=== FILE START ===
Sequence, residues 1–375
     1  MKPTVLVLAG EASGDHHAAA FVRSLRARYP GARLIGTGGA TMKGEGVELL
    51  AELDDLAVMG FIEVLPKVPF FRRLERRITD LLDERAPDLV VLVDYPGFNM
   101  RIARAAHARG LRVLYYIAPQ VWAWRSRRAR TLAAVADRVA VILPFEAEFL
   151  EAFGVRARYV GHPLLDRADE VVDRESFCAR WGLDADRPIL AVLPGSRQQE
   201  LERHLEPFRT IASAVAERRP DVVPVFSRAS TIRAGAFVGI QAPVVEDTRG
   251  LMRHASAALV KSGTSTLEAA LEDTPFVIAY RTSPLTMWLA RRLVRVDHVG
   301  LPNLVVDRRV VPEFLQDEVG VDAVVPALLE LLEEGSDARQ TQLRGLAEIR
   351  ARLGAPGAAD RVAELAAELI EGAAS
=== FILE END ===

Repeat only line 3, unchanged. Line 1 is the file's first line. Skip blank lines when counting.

    51  AELDDLAVMG FIEVLPKVPF FRRLERRITD LLDERAPDLV VLVDYPGFNM